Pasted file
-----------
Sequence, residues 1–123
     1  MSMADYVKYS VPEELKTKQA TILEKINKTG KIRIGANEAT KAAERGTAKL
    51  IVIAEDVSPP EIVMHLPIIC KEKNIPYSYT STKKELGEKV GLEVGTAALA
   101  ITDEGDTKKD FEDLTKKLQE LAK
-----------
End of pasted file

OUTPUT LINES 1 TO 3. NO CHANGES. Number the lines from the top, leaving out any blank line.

Sequence, residues 1–123
     1  MSMADYVKYS VPEELKTKQA TILEKINKTG KIRIGANEAT KAAERGTAKL
    51  IVIAEDVSPP EIVMHLPIIC KEKNIPYSYT STKKELGEKV GLEVGTAALA